- Dec 11, 2018
As many public spaces throughout Europe empty out—with citizens only leaving home for essential groceries or medication—life in Sweden is carrying on, mostly as usual. Children walk to school while adults meet up for dinner at their local bar. Only the vulnerable have been advised to isolate and some are working from home. Yet in Sweden, where there are 9,141 confirmed cases and 793 people have died, experts worry weaker measures may be leading to a more severe outbreak in the country of just 10 million citizens.
Sweden has a relatively high case fatality rate: as of April 8, 7.68% of the Swedes who have tested positive for COVID-19 have died of the virus. Neighboring countries, like Norway and Denmark, have case fatality rates of 1.46% and 3.85% respectively. (The U.S. case fatality rate is 3.21%.) While Sweden’s elevated case fatality rate could be a result of its low testing rates compared to its neighbors, experts say Sweden’s laissez-faire approach could also be to blame.
Anders Tegnell, Sweden’s chief epidemiologist overseeing the government’s response to COVID-19 has said the government should allow the virus to spread slowly through the population, an approach initially employed by the United Kingdom and the Netherlands before both countries rapidly changed strategy amid mounting evidence that this approach would still overburden health care systems. Tegnell told Swedish TV on April 5 that COVID-19 could be stopped by “herd immunity or a combination of immunity and vaccination.” (A vaccine for COVID-19 is likely at least 14 months away.)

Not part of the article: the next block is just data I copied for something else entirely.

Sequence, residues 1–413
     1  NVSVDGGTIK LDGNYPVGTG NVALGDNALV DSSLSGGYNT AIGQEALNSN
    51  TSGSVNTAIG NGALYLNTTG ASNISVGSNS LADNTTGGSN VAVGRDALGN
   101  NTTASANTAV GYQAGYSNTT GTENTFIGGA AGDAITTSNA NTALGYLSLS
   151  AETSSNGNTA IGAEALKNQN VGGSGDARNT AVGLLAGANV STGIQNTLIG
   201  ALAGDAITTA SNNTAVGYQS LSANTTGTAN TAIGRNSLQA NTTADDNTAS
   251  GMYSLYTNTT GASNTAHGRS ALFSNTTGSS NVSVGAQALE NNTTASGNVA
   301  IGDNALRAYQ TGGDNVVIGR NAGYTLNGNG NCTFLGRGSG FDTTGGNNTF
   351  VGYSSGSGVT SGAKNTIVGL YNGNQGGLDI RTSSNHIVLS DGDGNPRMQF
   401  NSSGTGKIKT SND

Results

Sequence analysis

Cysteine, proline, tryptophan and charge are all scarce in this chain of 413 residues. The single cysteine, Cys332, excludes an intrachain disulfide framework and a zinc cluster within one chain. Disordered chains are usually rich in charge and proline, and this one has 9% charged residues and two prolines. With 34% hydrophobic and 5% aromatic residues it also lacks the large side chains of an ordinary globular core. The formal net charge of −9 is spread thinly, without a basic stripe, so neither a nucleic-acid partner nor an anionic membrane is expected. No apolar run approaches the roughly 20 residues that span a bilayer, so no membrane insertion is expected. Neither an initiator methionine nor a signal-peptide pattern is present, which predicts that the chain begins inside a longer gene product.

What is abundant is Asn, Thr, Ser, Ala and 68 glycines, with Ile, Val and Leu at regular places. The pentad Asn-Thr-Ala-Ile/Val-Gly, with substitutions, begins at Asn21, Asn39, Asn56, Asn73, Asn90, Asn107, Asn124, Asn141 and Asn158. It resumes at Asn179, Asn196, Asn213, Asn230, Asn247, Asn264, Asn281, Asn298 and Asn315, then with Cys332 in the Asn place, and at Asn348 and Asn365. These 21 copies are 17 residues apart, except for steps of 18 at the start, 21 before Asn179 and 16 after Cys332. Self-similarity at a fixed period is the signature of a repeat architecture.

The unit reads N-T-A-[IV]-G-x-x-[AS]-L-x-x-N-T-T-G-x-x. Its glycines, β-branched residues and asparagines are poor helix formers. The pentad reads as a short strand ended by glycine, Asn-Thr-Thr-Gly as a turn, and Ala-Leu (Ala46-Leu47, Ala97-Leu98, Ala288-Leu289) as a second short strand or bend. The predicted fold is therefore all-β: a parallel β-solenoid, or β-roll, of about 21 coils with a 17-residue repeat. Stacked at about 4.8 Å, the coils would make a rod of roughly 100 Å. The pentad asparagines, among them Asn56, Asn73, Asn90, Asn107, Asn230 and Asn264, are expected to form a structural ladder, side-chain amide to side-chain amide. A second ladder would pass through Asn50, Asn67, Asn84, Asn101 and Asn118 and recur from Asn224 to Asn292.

A head doctor at a major hospital in Sweden says the current approach will “probably end in a historical massacre.” He says healthcare workers at his hospital who have tested positive for the virus but are asymptomatic have been advised to continue working. He asked to remain anonymous because “it is frowned upon to speak of the epidemic or to go against the official vision” but said he felt a need to speak out from an “ethical and medical point of view.”
Sweden's Relaxed Approach to the Coronavirus Could Be Backfiring
The Nordic country has a much higher fatality rate than its neighbors